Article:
While the Land Rover Kentucky Three-Day Event presented by MARS Equestrian will look very different this year with spectators not allowed under the USEF COVID-19 Action Plan, fans will still be able to tune into every minute of action via the live stream and wall-to-wall coverage on the USEA’s website and social media. The 2021 LRK3DE gets underway this afternoon at the Kentucky Horse Park in Lexington, Ky.
Here’s what you need to know:
The CCI5*-L Field:
63 horses are set to present at the first horse inspection this afternoon – 23 more than came forward in 2019.
Eight countries are represented this year with pairs from Australia, Brazil, Canada, Great Britain, Germany, Mexico, New Zealand, and the U.S.
U.S. riders make up 62% of the field, but we haven’t had a home-side victory since 2008. Do you think this is the year that the title will stay in America?
There are four previous Kentucky winners entered this year: Oliver Townend, Phillip Dutton, William Fox-Pitt, and Clayton Fredericks. Fox-Pitt has won the event three times (2010, 2012, and 2014) and Townend is looking to match that figure as he brought back his two-time winner Cooley Master Class.
There are six riders making their five-star debut: Emily Hamel, Michael Pendleton, Fylicia Barr, Zoe Crawford, Valerie Vizcarrondo Pride, and Ema Klugman.
The average age of the 2021 Kentucky field is 39 with Phillip Dutton the oldest at 57 and Ema Klugman the youngest at 23.
A female rider hasn’t stood atop the podium since 2011 when Mary King won with Kings Temptress. With 22 males and 27 females entered, will a woman best the boys this year?
Germany and Ireland tied for breeding the most horses with 14 each and the U.S. with 13.
There are nine mares entered this year: Stella Artois, Jollybo, On Cue, Classic Moet, K.E.C. Zara, RF Scandalous, Galloway Sunrise, Cecelia, and Grappa Nera.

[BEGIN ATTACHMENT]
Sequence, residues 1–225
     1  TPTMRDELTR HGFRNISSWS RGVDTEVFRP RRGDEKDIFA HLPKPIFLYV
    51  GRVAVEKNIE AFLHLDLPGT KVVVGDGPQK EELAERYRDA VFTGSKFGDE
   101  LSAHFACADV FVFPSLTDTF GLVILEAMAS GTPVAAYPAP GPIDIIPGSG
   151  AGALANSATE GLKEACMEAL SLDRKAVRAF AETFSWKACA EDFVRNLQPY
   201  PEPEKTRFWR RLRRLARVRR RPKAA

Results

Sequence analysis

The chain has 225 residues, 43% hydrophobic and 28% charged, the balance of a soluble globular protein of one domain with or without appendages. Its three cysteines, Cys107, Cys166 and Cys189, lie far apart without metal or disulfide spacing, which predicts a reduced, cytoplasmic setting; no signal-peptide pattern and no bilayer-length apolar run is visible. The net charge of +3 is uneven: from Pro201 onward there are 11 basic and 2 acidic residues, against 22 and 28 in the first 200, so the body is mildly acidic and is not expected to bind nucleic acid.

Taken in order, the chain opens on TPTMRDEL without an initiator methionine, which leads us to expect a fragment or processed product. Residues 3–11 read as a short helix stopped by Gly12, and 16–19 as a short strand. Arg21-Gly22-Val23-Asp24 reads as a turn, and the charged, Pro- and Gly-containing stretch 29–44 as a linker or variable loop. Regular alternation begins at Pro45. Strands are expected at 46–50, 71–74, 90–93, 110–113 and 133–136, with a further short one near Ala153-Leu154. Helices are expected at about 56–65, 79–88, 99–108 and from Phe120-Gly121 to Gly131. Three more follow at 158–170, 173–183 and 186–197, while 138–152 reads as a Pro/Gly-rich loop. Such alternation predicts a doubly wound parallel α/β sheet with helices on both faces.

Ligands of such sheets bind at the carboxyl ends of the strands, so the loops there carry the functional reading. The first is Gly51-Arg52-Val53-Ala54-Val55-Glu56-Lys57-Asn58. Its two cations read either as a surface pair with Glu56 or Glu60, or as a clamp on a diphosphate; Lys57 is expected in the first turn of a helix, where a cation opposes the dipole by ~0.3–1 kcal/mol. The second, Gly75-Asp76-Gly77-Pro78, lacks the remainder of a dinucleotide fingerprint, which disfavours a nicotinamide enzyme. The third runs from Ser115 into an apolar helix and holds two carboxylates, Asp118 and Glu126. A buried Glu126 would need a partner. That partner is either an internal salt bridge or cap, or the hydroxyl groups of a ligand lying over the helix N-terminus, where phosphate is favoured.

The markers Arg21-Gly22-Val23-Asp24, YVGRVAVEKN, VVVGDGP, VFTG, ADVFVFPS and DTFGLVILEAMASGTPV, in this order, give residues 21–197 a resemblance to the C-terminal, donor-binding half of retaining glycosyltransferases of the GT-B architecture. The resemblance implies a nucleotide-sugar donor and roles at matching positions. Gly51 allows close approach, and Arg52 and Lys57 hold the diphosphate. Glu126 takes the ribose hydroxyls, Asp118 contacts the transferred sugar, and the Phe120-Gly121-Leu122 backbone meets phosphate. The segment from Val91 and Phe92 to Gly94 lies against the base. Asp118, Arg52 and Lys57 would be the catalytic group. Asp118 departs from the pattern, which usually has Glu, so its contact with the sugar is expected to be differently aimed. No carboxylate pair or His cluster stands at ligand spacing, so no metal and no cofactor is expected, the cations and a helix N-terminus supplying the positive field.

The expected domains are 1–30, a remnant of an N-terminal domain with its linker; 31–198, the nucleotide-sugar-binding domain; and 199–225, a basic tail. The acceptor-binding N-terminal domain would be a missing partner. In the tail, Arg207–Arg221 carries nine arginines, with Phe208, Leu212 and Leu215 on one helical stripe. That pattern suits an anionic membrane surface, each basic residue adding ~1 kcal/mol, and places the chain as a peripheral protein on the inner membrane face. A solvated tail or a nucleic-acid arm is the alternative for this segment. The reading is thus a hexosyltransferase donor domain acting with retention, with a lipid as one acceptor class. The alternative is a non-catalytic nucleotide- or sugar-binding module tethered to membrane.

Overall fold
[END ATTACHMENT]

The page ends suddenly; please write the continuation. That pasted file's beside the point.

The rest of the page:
There are 10 Thoroughbreds in the field hailing from six different countries: U.S., New Zealand, Australia, France, Great Britain, and Canada.
The most popular breed in the field is the Irish Sport Horse.
44% of the horses competing this weekend are making their five-star debuts.
Gretchen Butts is the technical delegate for the CCI5*-L and Andrew Temkin is the technical delegate for the CCI4*-S. They will be assisted by Karen Winn.
Christina Klingspor is the president of the CCI5*-L ground jury along with members Robert Stevenson and Peter Gray. Mark Weissbecker will preside over the CCI4*-S with Helen Brettell as member.
The cross-country course is designed by Derek di Grazia.
The show jumping course will be designed by Steve Stephens.
How To Watch:
Within North America, the event is streaming on the USEF Network. You can sign up for a free US Equestrian Fan Membership to watch using the promo code “LRK3DE21” by clicking here. The live stream will be available here starting at 7:45 a.m. ET on Thursday morning. Find the full schedule here.
Outside of North America, the event is streaming on Horse & Country TV+. A subscription is required.
The event will be broadcast on NBC on Sunday, May 2 from 12:30 – 1:30 p.m. ET and on NBCSN on Saturday, May 15 from 1:00 – 2:00 p.m. ET.
We’re nearly there! Olympic mania has taken over the world, and we’re in the final countdown to the Olympic eventing competition in Tokyo, which starts with the first horse inspection on Thursday. Our USA riders are raring to go, but let’s remind ourselves of the history that precedes them. Just how well has the US team done in past Olympics?
After Germany’s Michael Jung won the second of his two consecutive Individual Olympic Equestrian Eventing titles at the Rio 2016 Olympic Games, he was asked what he had next in his sights. “Tokyo 2020, of course, and the Europeans and maybe the world title along the way!" he replied.
Very few stallions compete at the top level in eventing - let alone at the Olympics. Windfall did just that, winning a team bronze medal under Darren Chiacchia for the USA in Athens in 2004. The fact that Windfall now has not one, but two, sons due themselves to compete for the same country as their sire, the USA, in Tokyo really does make him one in a million.
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